Berge contends he was not required to pay the copying fees for the documents available under the mandatory discovery provisions. The government, however, is entitled to recover reasonable costs, such as photocopying charges, for producing documents in an implied consent proceeding. See Howard v. City of St. Louis Park, 466 N.W.2d 759, 762 (Minn. App. 1991) (citing Minn. R. Civ. P. 45.02; Minn. Stat. § 13.03, subd. 3 (1988)).

At the time Howard was decided, discovery in implied consent cases was subject to the Minnesota Rules of Civil Procedure. See id. Since Howard, the legislature has modified the statute, making the production of certain documents “mandatory.” “Mandatory” is defined as “authoritatively commanded or required; obligatory.” Webster's New Universal Unabridged Dictionary 1094 (2d ed. 1983). But nothing in the amended statute or the definition of the word “mandatory” implies that the government may not recoup reasonable copying costs when it produces the documents the statute requires.

Berge has requested that this court consider two additional issues. First, whether Minn. Stat. § 169.123, subd. 5c(b)(3) (Supp. 1997), violates an individual's right to remain silent under the Fifth Amendment to the United States Constitution and Article 1, Section 7, of the Minnesota Constitution. And second, whether Minn. Stat. § 169.123, subd 5c(d), violates an individual's right to due process under the Fifth and Fourteenth Amendments to the United States Constitution and Article 1, Section 7, of the Minnesota Constitution. Neither issue was argued at the hearing, nor considered by the district court. This court's scope of review is limited to issues that were presented to and considered by the district court. Thiele v. Stich, 425 N.W.2d 580, 582-83 (Minn. 1988). This limitation applies to our review of implied consent proceedings. Weierke v. Comissioner of Pub. Safety, 578 N.W.2d 815, 816 (Minn. App. 1998). We therefore decline to reach these issues.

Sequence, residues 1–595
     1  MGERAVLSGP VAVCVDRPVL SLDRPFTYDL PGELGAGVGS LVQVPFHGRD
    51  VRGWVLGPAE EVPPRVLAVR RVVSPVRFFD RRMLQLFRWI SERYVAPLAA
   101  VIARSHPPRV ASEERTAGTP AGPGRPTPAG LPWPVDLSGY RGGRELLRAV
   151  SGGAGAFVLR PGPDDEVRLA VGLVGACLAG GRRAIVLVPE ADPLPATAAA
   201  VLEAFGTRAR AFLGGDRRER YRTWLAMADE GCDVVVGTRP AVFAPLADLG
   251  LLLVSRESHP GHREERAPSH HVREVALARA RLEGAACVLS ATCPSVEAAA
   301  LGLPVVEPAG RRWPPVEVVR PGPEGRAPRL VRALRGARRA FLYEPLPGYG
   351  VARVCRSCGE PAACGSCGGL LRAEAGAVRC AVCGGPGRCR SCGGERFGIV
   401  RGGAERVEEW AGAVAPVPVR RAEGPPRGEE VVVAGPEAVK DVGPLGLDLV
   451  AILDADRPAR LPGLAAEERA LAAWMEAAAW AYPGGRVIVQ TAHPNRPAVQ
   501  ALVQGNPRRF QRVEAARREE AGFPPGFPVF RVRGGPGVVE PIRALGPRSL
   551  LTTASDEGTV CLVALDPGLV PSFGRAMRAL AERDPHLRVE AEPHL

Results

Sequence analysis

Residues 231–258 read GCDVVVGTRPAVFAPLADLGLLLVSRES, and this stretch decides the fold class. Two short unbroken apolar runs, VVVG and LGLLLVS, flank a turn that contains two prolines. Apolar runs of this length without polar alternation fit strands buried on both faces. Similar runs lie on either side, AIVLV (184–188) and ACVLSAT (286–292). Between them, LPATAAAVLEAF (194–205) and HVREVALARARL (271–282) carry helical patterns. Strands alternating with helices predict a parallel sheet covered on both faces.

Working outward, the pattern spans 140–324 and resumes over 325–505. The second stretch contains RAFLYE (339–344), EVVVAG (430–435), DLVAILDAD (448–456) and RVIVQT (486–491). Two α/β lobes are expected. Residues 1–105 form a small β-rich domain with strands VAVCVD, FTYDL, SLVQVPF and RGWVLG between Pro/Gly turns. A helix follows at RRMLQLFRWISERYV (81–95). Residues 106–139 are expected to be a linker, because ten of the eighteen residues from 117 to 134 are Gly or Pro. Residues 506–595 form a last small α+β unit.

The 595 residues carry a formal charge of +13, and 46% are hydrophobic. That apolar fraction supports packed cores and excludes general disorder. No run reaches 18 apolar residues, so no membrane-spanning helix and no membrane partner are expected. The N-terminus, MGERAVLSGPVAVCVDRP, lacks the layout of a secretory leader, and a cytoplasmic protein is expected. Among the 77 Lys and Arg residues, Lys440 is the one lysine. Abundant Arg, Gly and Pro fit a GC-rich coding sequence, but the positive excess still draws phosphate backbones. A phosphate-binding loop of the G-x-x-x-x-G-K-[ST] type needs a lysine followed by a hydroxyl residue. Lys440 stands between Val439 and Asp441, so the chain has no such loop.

The district court did not abuse its discretion by refusing to grant Berge's motions to rescind the revocation of his driver's license or, alternatively, for a continuance pending further discovery. In reaching our decision, we have not relied on those portions of Berge's reply brief to which the Commissioner of Public Safety objects in its motion to strike. Accordingly, we find it unnecessary to address the merits of the commissioner's motion.


RANDALL, Judge (concurring specially).

I concur in the result that limits the holding to the issue of "free" discovery.

At oral argument, both defense counsel and the attorney for the state indicated that the panel could reach the issues raised under Minn. Stat. § 169.123, subd. 5c(b)(3), (d) (1998). Those issues include discovery mandated on the driver, the disclosure of which can be incriminating and later used against the driver in a criminal case. Another issue is the severe limitation on the discovery available to the driver and his attorney. Both of these issues are far reaching and are issues artificially created by the recent amendments to the driving while under the influence and implied consent laws. See 1997 Minn. Laws 1st Spec. Sess. ch. 2 (adopting omnibus DWI bill that included amendments to Minn. Stat. § 169.123, subd. 5c).

It is important that those issues are raised, and more importantly, that they be addressed head on. But I agree with the majority that, with the procedural posture of this case, it is appropriate to limit the holding to the single issue of reimbursement for reasonable discovery costs. This then leaves open for a later day, without prejudice, all the self-incrimination, limitation on discovery, and the separation of power issues that are implicated in this case.